Amman-based fintech startup Liwwa has closed a $2.3 million round led by Silicon Badia’s Badia Impact Fund.
DASH Ventures and investor Samih Toukan also participated in the equity financing.
This is the peer-to-peer lending network’s second fundraising round in a year, having closed a $500,000 deal with DASH, Bank al Etihad and MENA Venture Investments in March 2015.
It will use the funds to grow its underwriting capacity in Jordan and MENA as well as open a software development and data center in New York.
“We are committed to delivering on the promise of technology driven credit assessments. Doing so will allow us to lend to small businesses that lack conventional credit histories,” said Liwwa CTO Samer Atiani in a statement.
CEO Ahmed Moor said the new investors added “strategic depth” to the business.
Liwwa was founded by Atiani and Moor in 2013 at Harvard University’s Innovation Lab, as a Sharia-compliant crowdfunding and investing platform, structured so that investors on the platform receive a return on a regular schedule based on a lease-to-own structure. This means that there’s no equity or interest in the equation and therefore Liwwa remains Sharia-compliant.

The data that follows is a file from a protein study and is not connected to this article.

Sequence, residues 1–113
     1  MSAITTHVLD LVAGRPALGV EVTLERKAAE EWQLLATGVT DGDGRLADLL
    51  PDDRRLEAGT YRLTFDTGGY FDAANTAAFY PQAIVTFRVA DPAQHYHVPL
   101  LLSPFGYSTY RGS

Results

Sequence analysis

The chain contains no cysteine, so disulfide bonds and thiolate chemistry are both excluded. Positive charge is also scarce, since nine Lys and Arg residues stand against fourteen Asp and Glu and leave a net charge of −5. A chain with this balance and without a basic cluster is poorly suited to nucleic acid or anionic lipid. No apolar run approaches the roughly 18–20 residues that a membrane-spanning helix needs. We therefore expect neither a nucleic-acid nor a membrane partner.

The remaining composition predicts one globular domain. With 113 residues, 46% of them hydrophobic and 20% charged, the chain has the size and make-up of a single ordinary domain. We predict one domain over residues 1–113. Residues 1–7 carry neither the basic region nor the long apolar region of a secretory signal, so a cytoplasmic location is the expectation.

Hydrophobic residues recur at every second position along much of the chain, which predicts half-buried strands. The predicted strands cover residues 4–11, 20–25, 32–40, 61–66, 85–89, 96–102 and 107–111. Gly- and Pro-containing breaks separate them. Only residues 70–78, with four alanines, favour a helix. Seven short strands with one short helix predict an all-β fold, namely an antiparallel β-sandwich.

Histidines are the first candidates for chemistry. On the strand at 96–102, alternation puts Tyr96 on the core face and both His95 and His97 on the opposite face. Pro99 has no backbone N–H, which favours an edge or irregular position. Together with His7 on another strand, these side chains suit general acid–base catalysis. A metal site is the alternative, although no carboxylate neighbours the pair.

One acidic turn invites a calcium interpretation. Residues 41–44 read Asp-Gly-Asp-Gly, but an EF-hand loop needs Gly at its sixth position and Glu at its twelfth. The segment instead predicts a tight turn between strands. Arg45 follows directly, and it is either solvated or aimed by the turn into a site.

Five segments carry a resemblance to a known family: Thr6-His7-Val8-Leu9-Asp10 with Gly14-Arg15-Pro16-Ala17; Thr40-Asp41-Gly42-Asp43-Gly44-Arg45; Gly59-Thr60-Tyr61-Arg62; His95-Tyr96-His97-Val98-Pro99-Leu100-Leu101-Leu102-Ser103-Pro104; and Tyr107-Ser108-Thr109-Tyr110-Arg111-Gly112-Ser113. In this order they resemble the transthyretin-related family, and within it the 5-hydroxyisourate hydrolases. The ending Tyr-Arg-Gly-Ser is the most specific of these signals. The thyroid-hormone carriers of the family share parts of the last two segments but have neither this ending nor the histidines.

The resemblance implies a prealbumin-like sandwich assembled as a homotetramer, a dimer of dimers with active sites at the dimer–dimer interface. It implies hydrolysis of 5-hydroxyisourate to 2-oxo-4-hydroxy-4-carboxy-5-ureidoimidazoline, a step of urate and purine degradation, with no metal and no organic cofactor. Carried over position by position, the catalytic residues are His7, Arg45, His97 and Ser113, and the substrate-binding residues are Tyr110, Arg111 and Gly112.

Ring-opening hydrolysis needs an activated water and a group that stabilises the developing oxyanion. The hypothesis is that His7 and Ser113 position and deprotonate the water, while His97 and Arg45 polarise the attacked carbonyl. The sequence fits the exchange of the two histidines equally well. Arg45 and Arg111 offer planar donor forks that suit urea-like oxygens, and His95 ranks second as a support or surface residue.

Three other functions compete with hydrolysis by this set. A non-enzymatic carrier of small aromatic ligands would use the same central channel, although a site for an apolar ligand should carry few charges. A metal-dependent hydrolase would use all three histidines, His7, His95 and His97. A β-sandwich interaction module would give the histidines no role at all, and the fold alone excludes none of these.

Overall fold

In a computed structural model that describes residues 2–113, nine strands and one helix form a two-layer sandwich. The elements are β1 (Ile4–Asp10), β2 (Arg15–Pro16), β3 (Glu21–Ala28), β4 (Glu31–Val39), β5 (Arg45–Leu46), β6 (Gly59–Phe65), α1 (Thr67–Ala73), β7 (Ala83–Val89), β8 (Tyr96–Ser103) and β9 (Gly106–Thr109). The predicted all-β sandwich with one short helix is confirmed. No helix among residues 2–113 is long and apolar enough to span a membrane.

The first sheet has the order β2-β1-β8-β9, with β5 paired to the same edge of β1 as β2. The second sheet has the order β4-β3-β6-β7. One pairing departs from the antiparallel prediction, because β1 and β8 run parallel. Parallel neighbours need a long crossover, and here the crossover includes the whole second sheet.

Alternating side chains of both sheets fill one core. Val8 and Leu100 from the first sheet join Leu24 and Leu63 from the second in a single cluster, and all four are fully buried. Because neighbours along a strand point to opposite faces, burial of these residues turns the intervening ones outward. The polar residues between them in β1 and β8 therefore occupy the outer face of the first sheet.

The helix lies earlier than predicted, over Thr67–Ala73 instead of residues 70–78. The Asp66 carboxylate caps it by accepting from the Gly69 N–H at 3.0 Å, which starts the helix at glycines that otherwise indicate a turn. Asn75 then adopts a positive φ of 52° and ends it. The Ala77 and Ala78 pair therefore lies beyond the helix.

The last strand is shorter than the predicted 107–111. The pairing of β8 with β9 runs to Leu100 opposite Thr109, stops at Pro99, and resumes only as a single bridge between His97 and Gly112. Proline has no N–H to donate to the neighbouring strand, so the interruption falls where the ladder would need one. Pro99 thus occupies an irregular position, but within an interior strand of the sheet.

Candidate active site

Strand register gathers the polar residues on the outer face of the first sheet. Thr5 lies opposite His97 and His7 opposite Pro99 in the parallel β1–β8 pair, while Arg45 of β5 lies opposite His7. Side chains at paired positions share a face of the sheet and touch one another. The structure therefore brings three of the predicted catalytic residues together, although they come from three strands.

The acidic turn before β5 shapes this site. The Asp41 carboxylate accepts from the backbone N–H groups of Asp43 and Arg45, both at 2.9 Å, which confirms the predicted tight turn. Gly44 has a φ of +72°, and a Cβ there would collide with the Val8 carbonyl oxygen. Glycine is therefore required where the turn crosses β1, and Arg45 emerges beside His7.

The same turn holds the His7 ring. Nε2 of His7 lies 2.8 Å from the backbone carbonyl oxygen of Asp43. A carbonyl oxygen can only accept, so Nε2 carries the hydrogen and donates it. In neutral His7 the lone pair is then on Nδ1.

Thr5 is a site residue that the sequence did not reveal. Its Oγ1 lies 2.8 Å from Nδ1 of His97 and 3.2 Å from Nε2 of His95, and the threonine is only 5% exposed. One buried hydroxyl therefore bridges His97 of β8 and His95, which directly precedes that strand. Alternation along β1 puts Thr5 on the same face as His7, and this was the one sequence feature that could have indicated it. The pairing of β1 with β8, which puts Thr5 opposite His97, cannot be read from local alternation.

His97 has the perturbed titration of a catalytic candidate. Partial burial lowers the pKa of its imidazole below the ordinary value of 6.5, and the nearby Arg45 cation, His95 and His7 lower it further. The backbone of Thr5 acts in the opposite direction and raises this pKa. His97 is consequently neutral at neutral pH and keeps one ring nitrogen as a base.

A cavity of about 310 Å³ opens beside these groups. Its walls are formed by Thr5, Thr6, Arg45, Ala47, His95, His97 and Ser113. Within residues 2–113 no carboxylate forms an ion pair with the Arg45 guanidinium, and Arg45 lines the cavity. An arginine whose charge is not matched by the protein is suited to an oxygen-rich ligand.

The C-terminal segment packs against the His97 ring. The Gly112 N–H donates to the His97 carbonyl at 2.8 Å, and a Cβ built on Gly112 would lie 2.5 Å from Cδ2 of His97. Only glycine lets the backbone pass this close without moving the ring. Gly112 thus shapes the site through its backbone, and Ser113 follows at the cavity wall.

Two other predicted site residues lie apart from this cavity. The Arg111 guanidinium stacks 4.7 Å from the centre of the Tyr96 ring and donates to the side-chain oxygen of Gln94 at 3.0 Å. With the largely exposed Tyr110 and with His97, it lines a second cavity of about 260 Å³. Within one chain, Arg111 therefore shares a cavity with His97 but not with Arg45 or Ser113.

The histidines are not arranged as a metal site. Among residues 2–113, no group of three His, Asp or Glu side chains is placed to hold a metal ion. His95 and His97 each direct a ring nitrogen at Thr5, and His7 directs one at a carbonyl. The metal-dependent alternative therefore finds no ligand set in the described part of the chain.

The concept is to use statistical methods to develop a lightweight credit assessment process designed to supplant cashflow underwriting. The company says that to date its Shadow Underwriting regression model is 97 percent predictive of cashflow underwriting outcomes.
In the company’s first year in Jordan it lent $1.6 million to 75 small businesses, and it says it wants to close what it estimates as a $240 billion SME funding gap in MENA.
SME access to finance is one of the biggest economic development challenges and market opportunities in the Middle East,” said Silicon Badia principle Hagop Taminian. “We believe that technology and the online marketplace model will be important in the future of finance in the region, and are looking forward to working with the Liwwa team to develop innovative products and solutions that address this critical market need.”
Wamda Research Lab associate William Altman said this represented a huge opportunity not only for Liwwa but for the SMEs in the region that are currently underserved by traditional methods of finance.
“We know that SMEs are the lifeblood of a growing economy and that it’s also expensive and risky for banks to lend at those lower levels. A company like Liwwa is important for filling the financial gap and contributing to greater economic development in the region,” he said.
There are only three peer-to peer lenders in the region, Beehive and Venturefin in the UAE and Liwwa. Altman said all were doing similar things, but differentiated themselves in how they onboarded users into their platforms.